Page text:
The “C” word has been every World Trade Center responder’s nightmare — and for good reason.
Cancer has become a reality for more than 1,000 men and women who sacrificed their health at Ground Zero — and the number is expected to grow.
“You get a lump in your throat when you first have to tell your wife,” said NYPD Detective Amadeo Pulley, 47, who was diagnosed with kidney cancer in May. “But I told my family and two kids I’m gonna be fine. We will get through this.”
As New York and the nation approach the 12th anniversary of the terrorist attack, a Mount Sinai Medical Center study found a 15% higher cancer rate among 9/11 responders than among people not exposed to the Ground Zero toxins.
As of August, 1,140 responders and people who worked, lived or studied in lower Manhattan have been certified by the National Institute for Occupational Safety and Health to have a WTC-related cancer.
Experts believe that is just the tip of the iceberg.
“There are more cases out there, because we just know of the people in our government-funded medical programs, not those who have been treated by their private doctors,” said Dr. Jim Melius, who is chairman of the steering committee for the WTC Responder Medical Program and a 9/11 Health Watch board member.
“Because of the carcinogens in the air at Ground Zero, people who were exposed are vulnerable. And with cancer, there is a delay.” Tina Engel, an oncology nurse at North Shore Hospital’s WTC clinic in Queens, said: “Sadly enough, I am here just two months, and I have identified a dozen new cancer cases, and I have another 25 patients whose diagnostic test results are pending.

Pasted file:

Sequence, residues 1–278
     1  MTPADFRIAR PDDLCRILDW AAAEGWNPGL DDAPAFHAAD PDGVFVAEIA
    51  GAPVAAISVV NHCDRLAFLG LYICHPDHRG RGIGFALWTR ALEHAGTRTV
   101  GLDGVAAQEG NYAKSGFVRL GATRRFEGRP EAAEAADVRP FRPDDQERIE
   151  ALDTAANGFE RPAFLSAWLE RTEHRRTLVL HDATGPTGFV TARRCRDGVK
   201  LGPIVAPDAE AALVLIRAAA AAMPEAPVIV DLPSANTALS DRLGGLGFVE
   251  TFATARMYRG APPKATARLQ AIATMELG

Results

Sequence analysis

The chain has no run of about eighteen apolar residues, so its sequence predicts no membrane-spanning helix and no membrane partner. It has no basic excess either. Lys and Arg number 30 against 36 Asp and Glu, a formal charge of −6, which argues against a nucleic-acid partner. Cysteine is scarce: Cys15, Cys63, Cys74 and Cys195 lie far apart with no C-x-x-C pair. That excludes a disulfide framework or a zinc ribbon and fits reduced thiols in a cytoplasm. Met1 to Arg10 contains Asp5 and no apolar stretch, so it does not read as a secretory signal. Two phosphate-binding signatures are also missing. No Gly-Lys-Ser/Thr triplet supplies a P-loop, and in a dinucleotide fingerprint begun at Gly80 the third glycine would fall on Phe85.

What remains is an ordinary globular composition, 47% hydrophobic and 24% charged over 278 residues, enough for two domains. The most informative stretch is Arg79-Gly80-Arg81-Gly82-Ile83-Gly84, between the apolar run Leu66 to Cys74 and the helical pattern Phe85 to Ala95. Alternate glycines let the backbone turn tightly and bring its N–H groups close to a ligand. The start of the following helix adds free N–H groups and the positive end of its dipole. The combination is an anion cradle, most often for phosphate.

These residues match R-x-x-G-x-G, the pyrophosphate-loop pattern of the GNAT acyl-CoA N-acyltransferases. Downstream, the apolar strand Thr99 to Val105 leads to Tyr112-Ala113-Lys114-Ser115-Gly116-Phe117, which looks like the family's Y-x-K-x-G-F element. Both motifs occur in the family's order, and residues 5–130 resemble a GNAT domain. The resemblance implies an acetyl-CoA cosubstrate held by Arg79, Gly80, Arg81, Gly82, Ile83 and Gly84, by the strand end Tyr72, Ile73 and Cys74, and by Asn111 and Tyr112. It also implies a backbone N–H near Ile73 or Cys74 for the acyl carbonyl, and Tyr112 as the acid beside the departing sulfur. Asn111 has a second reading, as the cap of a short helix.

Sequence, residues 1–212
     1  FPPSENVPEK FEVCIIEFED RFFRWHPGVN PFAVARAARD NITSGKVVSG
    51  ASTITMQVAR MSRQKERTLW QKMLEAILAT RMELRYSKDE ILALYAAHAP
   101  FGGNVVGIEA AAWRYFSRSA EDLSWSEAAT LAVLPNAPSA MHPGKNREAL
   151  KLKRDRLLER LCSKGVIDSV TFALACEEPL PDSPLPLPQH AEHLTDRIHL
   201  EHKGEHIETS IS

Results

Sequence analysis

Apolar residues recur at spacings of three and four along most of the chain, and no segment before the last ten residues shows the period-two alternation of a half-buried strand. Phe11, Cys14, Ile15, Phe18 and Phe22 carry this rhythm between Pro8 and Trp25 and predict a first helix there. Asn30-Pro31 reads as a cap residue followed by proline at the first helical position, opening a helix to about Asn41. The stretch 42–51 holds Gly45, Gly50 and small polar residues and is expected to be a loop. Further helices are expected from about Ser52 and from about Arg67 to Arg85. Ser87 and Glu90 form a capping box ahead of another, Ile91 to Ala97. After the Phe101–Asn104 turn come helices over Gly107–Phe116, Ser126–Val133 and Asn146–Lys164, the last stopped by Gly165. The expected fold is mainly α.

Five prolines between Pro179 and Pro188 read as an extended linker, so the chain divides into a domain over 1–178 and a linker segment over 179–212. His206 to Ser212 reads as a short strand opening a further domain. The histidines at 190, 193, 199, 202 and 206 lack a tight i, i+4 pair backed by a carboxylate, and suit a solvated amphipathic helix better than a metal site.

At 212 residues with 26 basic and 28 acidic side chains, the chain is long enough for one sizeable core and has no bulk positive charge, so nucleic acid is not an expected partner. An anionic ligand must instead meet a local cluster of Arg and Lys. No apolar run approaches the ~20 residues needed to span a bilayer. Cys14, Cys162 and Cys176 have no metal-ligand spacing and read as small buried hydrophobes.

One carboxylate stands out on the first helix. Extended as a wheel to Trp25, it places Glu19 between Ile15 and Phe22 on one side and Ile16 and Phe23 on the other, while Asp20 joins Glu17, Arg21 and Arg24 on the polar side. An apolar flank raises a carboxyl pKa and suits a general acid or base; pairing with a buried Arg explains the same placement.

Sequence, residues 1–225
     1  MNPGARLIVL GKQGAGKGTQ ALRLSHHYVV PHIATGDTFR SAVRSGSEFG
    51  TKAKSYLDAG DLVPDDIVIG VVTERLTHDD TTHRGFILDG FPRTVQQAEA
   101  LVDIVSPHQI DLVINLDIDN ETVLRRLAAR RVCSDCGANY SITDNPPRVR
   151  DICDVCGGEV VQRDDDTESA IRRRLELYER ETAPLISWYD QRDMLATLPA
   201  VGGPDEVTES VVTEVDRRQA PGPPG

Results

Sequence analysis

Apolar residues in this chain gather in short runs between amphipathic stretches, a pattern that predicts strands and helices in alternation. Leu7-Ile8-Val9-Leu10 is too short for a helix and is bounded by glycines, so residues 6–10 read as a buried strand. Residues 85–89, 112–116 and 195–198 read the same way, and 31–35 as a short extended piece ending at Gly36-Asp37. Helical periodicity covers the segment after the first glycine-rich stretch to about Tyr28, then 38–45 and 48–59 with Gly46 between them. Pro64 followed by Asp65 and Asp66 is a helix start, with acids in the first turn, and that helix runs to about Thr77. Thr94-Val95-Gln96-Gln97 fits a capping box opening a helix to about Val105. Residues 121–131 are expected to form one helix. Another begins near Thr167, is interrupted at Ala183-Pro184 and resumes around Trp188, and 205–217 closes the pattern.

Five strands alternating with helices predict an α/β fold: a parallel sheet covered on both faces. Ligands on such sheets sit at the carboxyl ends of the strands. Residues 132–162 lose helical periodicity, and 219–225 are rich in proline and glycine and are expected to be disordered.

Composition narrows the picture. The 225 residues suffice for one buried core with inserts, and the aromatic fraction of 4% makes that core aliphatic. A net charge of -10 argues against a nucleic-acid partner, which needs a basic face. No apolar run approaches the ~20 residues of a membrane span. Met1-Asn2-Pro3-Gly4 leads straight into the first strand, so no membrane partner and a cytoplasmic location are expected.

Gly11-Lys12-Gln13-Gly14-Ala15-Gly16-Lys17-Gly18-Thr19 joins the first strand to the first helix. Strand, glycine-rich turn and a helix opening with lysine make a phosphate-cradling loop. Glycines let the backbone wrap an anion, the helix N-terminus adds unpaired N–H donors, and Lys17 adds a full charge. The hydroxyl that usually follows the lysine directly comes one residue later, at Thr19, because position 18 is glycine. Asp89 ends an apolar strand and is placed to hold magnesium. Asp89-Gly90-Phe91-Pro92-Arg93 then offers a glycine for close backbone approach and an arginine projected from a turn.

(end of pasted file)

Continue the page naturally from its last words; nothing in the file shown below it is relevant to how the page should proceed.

“The good news is that with the new [Zadroga] federal funding, I get what I need when I need it for our patients. Their biopsies and scans are turned around in a week. Cancer trumps everything.”
Like the majority of the WTC responders, engineer Marty Cervellione of the city’s Design and Construction Department developed respiratory and gastric reflux in the early years after the attack.
He spent Sept. 14-Nov. 15, 2001, at Ground Zero, while the fires burned and toxic smoke hovered over everyone.
A more ominous symptom — internal bleeding — led to the devastating diagnosis of gastroesophageal cancer in 2011. Cervellione, 63, has since been through several rounds of chemotherapy.
He thought he was in the clear, but a new spot was discovered this spring. Surgeons at Stony Brook University Hospital removed his right adrenal gland and a piece of his liver in May. He has another month of chemo to go.
“It was always in the back of everyone’s mind we were in jeopardy given the contamination down there, but the entire world was calling on you, it felt so good to serve, there was no wanting to escape,” said the Long Island father of three. As for Detective Pulley, Dr. Jonathan Coleman at Memorial Sloan-Kettering Cancer Center successfully removed more than half his left kidney July 25. His prognosis is good — he was told he has only a 5% chance of recurrence — and he was spared going through chemo or radiation.
“I think about the guys who passed away and I am fortunate,” said Pulley, who spent 50 days at Ground Zero as part of the arson and explosion squad. “Yeah, I have kidney cancer, but I am still here with my family. If God forbid we were ever attacked again, I would still do the same thing.”
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As many as 65,000 people, including first responders, who got sick from 9/11 exposure are part of a WTC medical monitoring and treatment program in the New York metro area and in clinics around the country. To enroll or find out if you are eligible for free medical and mental health care, call 888-982-4748 or visit www.cdc.gov/wtc